Sunday, 29 November 2009

An official invitation to the eighteenth birthday celebrations of the hair dresser's daughter.

So it was big news down the lakeside. The party was tonight. Slightly
bigger news for me is that I'd be informed during the previous few
days that I was to be officially invited.

My first Cambodian social function.
To be fair the party was planned to take place out in the street
in front of Nam's bar so attendance would probably have been
But this time I was handed a personal invitation with my actual Barang
name on it. Spelled correctly, (take note promoters all it takes is a
decent researcher).

Anyway the small highly patterned envelope I'd been given signified 2
things. Acceptance and obligation.

Obligation is maybe too stronger word, but I'd seen these envelopes
before and I knew that not everybody got them.
I also knew that those that did, had to repay the respect shown by our
neighbors in the form of a cash sum that must be placed in the
returned envelope.

So basically being invited could be expensive but food and drinks all
free so get yu moneys worth.

And so the community set up for the party. A sequence of events that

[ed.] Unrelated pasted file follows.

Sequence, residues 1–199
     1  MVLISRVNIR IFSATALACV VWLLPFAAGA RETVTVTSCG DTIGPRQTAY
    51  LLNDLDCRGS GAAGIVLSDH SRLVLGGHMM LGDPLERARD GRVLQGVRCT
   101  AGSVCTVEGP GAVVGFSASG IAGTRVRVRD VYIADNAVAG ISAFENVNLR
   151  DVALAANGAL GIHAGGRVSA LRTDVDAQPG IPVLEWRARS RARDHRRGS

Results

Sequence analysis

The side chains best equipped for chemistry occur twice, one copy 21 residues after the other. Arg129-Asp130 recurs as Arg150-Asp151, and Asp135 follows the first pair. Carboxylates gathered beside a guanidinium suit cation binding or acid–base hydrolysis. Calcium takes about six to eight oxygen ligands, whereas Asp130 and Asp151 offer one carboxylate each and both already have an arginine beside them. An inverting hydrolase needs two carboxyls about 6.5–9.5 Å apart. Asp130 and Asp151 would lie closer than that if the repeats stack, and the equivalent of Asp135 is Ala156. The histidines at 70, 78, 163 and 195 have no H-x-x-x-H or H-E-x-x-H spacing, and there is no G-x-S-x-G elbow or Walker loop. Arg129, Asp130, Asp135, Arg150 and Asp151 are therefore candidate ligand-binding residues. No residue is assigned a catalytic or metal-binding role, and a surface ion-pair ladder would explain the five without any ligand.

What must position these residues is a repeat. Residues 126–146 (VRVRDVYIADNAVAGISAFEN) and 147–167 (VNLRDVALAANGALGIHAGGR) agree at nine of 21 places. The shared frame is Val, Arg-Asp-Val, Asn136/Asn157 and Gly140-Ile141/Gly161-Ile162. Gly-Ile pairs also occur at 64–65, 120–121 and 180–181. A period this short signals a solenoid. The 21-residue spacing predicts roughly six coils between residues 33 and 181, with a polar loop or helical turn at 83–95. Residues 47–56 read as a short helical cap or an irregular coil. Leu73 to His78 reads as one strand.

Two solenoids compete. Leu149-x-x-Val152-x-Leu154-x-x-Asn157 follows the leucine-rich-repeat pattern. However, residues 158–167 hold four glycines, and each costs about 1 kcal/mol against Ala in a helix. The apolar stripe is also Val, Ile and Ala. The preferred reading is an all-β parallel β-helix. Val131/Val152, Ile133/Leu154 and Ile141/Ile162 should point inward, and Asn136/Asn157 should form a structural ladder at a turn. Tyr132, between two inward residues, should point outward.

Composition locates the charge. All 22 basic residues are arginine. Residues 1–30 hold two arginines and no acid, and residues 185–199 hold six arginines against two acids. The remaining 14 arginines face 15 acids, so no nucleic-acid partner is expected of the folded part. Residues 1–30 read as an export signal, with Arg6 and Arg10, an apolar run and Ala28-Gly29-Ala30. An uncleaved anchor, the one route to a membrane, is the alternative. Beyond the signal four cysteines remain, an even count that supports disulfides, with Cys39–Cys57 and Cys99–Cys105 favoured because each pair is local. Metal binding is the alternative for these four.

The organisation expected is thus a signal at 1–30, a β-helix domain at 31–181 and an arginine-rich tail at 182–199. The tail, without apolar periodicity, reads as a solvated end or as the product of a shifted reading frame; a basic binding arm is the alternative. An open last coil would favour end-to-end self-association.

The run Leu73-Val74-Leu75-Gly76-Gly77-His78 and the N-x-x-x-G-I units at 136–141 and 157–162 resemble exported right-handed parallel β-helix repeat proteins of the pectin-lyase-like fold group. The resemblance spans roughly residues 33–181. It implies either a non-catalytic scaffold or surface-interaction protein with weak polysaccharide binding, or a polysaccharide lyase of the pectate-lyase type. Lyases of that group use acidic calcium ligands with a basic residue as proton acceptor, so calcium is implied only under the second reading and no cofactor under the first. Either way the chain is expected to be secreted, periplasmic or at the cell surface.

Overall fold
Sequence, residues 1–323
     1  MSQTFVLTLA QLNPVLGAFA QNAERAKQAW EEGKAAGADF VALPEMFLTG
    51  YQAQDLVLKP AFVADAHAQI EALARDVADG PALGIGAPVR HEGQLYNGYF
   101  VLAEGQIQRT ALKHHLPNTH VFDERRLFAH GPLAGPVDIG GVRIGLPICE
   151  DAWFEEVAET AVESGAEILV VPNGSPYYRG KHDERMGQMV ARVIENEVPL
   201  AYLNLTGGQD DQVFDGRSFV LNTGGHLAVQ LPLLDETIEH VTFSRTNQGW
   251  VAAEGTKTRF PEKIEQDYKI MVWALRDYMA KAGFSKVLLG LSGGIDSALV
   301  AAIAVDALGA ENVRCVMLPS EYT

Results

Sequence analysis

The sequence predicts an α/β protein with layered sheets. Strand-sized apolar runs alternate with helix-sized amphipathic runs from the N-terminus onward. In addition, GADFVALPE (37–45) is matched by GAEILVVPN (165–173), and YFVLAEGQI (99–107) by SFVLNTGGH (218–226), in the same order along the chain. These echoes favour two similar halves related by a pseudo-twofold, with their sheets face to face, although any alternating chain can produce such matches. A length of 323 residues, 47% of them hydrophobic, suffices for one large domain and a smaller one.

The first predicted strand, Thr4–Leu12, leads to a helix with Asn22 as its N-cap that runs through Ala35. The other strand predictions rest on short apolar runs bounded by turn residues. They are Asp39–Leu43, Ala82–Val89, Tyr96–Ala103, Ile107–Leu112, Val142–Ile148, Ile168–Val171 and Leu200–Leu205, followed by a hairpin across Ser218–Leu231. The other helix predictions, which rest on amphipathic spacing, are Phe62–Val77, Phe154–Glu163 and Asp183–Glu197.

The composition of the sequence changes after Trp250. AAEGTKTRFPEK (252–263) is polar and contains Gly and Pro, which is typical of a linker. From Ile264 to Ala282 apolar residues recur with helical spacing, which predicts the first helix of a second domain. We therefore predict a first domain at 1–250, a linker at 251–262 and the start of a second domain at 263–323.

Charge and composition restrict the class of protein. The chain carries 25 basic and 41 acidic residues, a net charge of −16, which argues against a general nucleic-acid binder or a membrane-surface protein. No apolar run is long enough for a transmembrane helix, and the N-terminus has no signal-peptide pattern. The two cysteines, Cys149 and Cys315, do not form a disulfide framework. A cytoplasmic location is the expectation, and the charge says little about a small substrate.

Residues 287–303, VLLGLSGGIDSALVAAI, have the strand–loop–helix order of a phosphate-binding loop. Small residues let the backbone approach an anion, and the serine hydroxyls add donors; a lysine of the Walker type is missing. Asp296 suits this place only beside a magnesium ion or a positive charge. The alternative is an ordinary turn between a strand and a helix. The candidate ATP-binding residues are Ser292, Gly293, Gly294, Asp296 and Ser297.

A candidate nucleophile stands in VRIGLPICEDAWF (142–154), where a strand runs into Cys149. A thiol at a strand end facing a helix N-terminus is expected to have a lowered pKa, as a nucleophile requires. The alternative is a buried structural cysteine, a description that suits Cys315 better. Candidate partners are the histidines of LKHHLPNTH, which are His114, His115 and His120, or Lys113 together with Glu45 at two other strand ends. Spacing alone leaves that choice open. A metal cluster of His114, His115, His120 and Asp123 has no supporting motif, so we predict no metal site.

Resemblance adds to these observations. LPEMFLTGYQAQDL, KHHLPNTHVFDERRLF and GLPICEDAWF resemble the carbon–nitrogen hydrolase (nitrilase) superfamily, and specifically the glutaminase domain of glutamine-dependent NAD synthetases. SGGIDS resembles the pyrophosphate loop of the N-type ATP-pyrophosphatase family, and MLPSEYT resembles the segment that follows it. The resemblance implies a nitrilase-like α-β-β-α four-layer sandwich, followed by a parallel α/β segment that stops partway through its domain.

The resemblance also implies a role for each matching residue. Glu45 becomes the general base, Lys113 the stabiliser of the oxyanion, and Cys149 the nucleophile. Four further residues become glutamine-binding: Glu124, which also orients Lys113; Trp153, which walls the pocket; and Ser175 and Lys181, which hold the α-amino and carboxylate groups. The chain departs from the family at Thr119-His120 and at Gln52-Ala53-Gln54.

featured a really beautiful moment.

Picture the scene.
A small child stands in the middle of the main drag of lakeside
ghetto. The child's left hand grips his mothers skirt the right grasps
handfull of air in a failed attempt at plucking a balloon from the
festive grape-vine hanging across the street.

Having spotted the child's near distress, Rosso (a man who only one
week ago had stubbed another man in the face with the bottom of a
whisky bottle), leaped into action. In one movement Rosso pulled
himself up the side of the bar's front shutters. Pulled a flick-knife
from his pocket, opened the blade, grabbed a balloon and with an
upwards stabbing motion freed it from the vine. By the time his feet
touched ground the knife had vanished. As he handed the balloon to the
child a smile of genuine kindness cracked across his hardened face.
The child's mother gently bowed, Rosso returned it and swaggered away
back towards his speakers.
The very picture of masculinity.

Anyway I spent a wile asking and deliberating about how much money to
put in the envelope and settled on $5. Ano who works in my guest
house said I was a stingy bastard and it's her 18th so I ended up
putting in ten.

Also having taken a lot of photos I gave my camera to a young Khmer
boy and to Phnom Penh's only female Motodot, to get a bit of guest
blogger snaps action.

Sent from my iPod

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